Meet Morgan Rose, graduate of the Master of Theatre (Writing) at the University of Melbourne

Morgan Rose. Image supplied.
Morgan Rose. Image supplied.

Morgan Rose is a graduate of the Master of Theatre (Writing) (formerly Master of Writing for Performance) program at the Victorian College of the Arts. She works with teens through various youth theatre organisations and recently took part in the Dear Australia – Postcards to Our Nation project. She gives Mireille Stahle an insight into her practice ... and what shows she's been bingeing on in lockdown.

Hi Morgan, can you tell us a bit about yourself and your creative practice?

I am originally from New Orleans but I have been in Australia for a decade. I am currently locked down in West Footscray with my partner, Kat and our little dog, Dragon, who at this very moment is barking loudly at nothing. I'm a realistic optimist. I'm left-handed. I used to hate olives but now I could eat a whole jar in one sitting. I watch too much TV – good and bad. I guess I call myself a theatre-maker.

I am sometimes a playwright who sits alone at a desk writing, but more often I am a deviser who is in a room with other people figuring out a play together. I am usually the one who writes what we come up with on paper. I often work with young people to make shows. I sometimes dramaturg other people's work. I also do some teaching, which I really love.

A big part of my practice is working with teenagers to create performance works. I do this mostly through the youth company Riot Stage. We have an amazing ensemble of young people from all over Melbourne who attend a variety of schools. I also sometimes do work with young people through other arts organisations like St Martins, MTC, and Arts Centre Melbourne. Working with teens is always a wild joy and together we've made some of the strangest most exciting work I've ever done.

Tell us about the Dear Australia project? How did you get involved?

Dear Australia is an online theatre project in response to the pandemic in which 50 playwrights from around the country wrote short monologues to be performed to camera and streamed online. It's got bucket-loads of talent and lots of different experiences and perspectives all wrapped up in one project you can watch from your couch. I got involved through Red Stitch, which is a company I have worked with for the past few years.

How did you approach the brief? What are you hoping to convey through your work?

The brief was to write a two-minute piece for one actor to deliver to camera about the current state of the nation (in the middle of lockdown). It's a tricky brief, but I like tricky. Two minutes is not a lot of time, so you have to make your point fast. One person is not a lot of people and one person can't have a conversation.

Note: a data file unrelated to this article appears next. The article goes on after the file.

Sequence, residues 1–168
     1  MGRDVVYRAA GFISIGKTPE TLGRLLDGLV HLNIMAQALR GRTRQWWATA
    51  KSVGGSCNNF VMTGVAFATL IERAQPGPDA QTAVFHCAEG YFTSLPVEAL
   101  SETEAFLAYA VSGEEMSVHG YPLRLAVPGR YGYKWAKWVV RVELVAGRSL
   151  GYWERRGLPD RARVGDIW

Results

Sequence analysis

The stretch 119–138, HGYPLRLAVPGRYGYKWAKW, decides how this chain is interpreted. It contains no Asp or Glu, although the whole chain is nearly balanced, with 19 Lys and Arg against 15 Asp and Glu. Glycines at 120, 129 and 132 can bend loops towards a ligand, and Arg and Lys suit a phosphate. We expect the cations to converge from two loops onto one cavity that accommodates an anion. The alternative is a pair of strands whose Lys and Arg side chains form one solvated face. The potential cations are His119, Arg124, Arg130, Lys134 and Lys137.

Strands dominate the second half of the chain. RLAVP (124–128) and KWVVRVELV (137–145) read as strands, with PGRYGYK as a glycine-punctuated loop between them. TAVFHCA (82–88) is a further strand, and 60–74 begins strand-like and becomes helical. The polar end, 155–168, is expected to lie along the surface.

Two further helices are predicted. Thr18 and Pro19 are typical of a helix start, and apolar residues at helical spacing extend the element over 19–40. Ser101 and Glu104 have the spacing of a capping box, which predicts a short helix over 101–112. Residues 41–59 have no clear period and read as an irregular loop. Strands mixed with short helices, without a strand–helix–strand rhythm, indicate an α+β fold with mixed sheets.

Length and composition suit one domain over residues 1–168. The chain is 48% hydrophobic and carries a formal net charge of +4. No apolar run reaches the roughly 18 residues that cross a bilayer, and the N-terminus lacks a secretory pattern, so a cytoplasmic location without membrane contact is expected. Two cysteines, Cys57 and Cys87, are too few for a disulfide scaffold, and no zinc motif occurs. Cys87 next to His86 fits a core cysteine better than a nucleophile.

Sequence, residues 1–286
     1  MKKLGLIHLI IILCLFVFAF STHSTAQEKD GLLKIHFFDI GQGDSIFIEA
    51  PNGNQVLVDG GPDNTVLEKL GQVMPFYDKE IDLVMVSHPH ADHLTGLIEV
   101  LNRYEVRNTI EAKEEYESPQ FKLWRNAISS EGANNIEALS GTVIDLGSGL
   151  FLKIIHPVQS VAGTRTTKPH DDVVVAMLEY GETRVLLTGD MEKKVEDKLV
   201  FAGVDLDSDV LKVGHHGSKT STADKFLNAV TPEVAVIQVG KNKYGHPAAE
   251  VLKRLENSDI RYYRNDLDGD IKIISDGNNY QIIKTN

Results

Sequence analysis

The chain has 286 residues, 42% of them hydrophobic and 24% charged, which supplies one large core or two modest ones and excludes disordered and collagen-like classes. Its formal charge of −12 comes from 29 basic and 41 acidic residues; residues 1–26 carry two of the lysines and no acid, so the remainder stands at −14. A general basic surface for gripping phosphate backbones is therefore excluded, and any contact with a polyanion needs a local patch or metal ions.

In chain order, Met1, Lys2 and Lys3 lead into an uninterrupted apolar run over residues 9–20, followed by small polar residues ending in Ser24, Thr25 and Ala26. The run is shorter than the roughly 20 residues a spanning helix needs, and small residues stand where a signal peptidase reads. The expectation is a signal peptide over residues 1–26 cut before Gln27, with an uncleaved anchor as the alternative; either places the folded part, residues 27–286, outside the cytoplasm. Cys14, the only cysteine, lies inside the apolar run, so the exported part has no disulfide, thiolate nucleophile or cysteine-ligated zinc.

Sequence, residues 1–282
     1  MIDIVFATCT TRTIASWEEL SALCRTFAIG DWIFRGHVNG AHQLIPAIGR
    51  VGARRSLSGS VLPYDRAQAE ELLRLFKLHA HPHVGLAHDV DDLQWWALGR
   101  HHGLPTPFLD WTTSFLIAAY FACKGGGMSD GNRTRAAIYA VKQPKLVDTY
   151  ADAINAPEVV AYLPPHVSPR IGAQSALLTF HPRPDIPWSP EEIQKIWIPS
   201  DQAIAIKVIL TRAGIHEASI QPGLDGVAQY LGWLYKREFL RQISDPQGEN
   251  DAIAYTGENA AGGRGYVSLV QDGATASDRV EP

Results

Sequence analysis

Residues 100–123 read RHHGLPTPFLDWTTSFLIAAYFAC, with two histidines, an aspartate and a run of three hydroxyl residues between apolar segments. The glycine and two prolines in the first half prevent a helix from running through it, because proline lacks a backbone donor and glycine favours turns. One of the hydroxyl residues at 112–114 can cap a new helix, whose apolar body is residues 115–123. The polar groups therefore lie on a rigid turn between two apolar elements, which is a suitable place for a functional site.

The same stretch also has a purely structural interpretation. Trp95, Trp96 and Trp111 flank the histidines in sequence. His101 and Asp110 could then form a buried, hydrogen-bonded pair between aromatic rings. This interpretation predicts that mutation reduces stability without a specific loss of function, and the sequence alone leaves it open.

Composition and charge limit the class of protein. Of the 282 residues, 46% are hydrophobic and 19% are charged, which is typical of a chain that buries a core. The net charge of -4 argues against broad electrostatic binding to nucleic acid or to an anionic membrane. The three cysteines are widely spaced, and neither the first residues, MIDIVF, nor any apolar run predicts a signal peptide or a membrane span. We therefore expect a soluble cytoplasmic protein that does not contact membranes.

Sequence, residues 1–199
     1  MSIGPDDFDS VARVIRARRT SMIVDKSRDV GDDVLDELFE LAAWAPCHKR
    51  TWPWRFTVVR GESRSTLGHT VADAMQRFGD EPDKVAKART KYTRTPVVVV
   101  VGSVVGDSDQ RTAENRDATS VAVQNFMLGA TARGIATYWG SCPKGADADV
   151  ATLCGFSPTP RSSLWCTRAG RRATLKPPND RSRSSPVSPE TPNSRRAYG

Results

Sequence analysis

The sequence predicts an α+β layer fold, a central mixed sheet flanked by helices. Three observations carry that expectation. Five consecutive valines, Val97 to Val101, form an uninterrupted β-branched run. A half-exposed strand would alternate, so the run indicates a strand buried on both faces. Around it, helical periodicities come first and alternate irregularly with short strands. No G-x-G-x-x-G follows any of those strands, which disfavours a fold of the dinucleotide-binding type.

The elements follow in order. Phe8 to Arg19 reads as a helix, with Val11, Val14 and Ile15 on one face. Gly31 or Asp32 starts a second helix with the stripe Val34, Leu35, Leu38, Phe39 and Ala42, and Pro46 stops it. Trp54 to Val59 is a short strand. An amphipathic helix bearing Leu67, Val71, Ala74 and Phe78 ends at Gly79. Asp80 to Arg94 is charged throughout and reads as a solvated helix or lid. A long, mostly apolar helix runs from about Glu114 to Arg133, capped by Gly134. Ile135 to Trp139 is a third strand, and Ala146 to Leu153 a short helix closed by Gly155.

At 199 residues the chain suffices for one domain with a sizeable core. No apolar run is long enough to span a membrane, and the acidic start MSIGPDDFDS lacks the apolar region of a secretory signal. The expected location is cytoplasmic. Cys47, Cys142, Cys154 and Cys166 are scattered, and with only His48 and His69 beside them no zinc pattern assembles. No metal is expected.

Writing for a person to speak to camera is not something I have ever done before: I'm a theatre-maker after all. So this was a whole new ballgame for me. I thought: "It's two minutes, it shouldn't be too hard." But I worked on it for several weeks and threw out pages and pages of bad writing.

I was in the middle of the pandemic myself, so perspective on the topic was not something I really possessed. I just had my own lonely experience, and a bunch of impressions of the world from social media. I decided to write about the strange quiet that came with this worldwide disaster, the waiting, the slowness of tragedy. It took a while, but I got there.

What are some joys and challenges of collaborating at a distance?

I finished my script, read it to a few friends back in the USA, then handed it off to Ella Caldwell, the artistic director of Red Stitch, and Emily Goddard, the actor who was going to be performing the part. We troubleshooted all the logistical problems together via zoom (what's Emily going to wear, should we make her cat a part of the video?, where are we going to get a massive amount of origami on short notice?).

Emily had the mammoth task of shooting the video with the help of a friend (shoutout to Eva Seymour) and this was a true pleasure to witness. Emily's job was no small undertaking. For this project she served as performer, production designer, sound designer, cinematographer, and director all rolled into one. I sent her a one-dimensional script – a two page PDF in black and white. The skill and heart she added to it are what make it a piece of art. This is not hyperbole.

Can you speak to your experience at the VCA and how it might have influenced your current work?

I loved my experience at the VCA. It shaped me as a writer and theatre-maker. Doing a masters program at the VCA requires that you really find your voice and define yourself as an artist. There is no defined pathway, there is no right or wrong. You have to make those decisions yourself under the guidance of some really smart people (in my case it was Raimondo Cortese). It was truly formative.

Who is inspiring you at the moment?

Ramy Youssef. If you haven't watched his show, you're missing out. And The Voice. Truly heartwarming and formulaic television. Perfect for a pandemic.

Dear Australia was livestreamed over three nights: Thursday 2 July, Friday 3 July and Sunday 5 July on multiple Facebook pages and on Playwriting Australia'sYoutube channel. Videos will be available to watch until September 2020.